What would this man? Now upward will he soar,
And, little less than angel, would be more;
Now looking downwards, just as grieved appears
To want the strength of bulls, the fur of bears.
Made for his use all creatures if he call,
Say what their use, had he the powers of all?
Nature to these, without profusion, kind,
The proper organs, proper powers assign'd;
Each seeming giv'n what compensates of course,
Here with degrees of swiftness, there of force;
All in exact proportion to the state;
Nothing to add, and nothing to abate.
Each beast, each insect, happy in its own:
Is Heaven unkind to man and man alone?
Shall he alone, whom rational we call,
Be pleased with nothing if not blest with all?
The bliss of man (could pride that blessing find)
Is not to act or think beyond mankind;
No powers of body or of soul to share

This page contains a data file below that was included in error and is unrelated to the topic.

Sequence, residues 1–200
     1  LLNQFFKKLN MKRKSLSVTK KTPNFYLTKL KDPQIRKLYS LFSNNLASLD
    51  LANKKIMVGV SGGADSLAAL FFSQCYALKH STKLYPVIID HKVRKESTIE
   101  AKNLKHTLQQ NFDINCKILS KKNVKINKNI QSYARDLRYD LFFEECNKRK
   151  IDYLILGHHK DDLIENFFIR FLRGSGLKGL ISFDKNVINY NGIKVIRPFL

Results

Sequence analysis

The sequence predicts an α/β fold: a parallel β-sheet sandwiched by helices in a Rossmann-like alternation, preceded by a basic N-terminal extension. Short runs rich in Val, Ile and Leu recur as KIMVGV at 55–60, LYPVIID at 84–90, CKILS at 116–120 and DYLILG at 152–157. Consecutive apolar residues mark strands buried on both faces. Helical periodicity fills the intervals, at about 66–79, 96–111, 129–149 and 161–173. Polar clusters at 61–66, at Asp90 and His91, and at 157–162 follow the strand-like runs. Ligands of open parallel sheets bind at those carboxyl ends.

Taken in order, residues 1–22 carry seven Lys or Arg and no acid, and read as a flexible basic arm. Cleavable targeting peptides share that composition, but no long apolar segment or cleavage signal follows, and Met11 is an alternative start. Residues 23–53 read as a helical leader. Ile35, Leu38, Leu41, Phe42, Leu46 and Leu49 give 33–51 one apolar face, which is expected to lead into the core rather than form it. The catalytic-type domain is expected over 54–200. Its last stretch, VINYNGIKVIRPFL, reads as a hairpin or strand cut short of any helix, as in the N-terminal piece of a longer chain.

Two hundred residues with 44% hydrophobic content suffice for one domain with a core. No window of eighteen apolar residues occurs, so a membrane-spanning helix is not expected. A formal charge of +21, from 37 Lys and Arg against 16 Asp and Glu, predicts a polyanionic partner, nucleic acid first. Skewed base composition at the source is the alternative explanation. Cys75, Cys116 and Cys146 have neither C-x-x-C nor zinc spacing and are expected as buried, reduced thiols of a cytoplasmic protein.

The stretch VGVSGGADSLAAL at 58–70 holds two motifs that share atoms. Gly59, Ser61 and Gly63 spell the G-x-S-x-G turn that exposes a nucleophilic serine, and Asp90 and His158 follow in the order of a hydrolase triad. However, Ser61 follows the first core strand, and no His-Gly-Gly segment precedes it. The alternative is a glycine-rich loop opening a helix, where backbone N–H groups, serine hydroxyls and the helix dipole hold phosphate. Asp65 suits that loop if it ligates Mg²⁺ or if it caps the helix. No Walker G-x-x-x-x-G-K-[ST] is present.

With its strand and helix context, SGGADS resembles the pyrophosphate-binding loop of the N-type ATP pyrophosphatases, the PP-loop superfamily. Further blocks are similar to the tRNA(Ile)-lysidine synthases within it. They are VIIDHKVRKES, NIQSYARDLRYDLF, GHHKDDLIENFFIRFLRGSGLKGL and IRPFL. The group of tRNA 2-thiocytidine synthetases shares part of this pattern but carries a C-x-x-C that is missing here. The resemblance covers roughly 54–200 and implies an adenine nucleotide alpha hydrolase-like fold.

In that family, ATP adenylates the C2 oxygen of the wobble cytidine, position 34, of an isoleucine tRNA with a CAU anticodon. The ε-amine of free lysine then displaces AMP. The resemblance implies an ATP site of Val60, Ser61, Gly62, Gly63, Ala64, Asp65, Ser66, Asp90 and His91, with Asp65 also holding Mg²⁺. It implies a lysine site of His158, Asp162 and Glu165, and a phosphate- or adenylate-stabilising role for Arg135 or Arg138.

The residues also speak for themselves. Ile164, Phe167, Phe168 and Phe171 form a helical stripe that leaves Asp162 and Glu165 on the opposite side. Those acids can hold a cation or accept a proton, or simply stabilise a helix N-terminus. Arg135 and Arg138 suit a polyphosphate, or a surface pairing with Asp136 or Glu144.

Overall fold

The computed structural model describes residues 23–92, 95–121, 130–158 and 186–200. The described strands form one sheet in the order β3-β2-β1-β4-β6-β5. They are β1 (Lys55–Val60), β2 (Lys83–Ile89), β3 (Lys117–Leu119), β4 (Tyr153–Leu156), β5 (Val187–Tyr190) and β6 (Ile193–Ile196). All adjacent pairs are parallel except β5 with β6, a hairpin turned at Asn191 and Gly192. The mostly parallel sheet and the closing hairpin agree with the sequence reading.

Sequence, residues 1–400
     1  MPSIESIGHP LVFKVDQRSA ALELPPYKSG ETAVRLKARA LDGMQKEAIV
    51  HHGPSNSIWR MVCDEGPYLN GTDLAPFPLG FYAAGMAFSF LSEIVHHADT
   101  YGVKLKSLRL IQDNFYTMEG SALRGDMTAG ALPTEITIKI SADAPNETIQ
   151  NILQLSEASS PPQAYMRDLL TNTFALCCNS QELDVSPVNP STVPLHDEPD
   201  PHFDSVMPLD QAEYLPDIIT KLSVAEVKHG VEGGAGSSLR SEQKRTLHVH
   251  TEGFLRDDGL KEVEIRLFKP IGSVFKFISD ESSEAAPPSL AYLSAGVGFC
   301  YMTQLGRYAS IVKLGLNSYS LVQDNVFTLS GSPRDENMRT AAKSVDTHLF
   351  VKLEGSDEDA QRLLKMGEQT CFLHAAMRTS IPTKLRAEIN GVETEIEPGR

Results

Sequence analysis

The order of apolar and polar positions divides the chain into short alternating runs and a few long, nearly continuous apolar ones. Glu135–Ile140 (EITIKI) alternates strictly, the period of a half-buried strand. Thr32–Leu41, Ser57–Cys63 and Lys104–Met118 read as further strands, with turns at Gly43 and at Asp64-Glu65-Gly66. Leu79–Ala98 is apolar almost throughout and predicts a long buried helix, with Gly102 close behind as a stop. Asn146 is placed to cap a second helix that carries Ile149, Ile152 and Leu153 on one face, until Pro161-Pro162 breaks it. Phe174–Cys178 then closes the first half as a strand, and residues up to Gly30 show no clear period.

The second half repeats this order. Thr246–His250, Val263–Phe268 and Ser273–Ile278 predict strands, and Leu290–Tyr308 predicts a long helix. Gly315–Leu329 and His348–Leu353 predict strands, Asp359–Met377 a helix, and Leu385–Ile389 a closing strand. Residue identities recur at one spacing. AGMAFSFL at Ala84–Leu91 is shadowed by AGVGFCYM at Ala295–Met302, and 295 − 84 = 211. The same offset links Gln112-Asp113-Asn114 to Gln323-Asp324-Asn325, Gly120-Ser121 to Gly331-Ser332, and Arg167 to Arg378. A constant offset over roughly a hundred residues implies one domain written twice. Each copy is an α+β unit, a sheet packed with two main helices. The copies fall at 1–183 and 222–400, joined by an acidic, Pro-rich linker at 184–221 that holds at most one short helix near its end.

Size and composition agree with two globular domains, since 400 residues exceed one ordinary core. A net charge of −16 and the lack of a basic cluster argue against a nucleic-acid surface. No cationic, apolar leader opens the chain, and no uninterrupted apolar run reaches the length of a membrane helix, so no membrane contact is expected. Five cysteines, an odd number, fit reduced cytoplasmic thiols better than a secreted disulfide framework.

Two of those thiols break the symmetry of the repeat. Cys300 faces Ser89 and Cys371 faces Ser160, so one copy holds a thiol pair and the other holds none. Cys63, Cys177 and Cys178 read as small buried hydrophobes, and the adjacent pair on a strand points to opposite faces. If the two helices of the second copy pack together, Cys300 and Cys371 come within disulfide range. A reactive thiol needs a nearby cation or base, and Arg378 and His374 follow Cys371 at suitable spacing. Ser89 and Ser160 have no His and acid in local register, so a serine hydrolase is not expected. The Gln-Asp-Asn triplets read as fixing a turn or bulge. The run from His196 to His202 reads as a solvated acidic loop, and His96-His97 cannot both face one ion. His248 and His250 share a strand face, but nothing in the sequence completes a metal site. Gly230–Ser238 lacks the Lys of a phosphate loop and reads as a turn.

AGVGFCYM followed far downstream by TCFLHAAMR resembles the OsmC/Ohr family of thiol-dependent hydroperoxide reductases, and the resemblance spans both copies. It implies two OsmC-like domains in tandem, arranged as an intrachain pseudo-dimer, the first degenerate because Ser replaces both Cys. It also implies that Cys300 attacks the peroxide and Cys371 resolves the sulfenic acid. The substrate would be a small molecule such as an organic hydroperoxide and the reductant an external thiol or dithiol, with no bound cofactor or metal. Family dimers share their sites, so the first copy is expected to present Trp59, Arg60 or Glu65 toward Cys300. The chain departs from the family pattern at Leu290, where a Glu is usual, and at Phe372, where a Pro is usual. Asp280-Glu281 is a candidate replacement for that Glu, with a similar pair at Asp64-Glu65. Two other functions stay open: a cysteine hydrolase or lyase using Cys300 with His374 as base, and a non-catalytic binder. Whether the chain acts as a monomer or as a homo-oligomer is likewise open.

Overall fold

But what his nature or his state can bear.
Why has not man a microscopic eye?
For this plain reason: man is not a fly.
Say what the use, were finer optics given,
To inspect a mite, not comprehend the heaven?
Or touch, if trembling felt all o'er,
To smart and agonise at every pore?
Or quick effluvia darting through the brain,
Die of a rose in aromatic pain?
If Nature thunder'd in his opening ears
And stunn'd him with the music of the spheres,
How would he wish that Heaven had left him still
The whisp'ring zephyr and the purling rill?
Who finds not Providence all good and wise,
Alike in what it gives and what denies?
Alexander Pope, 1688-1744
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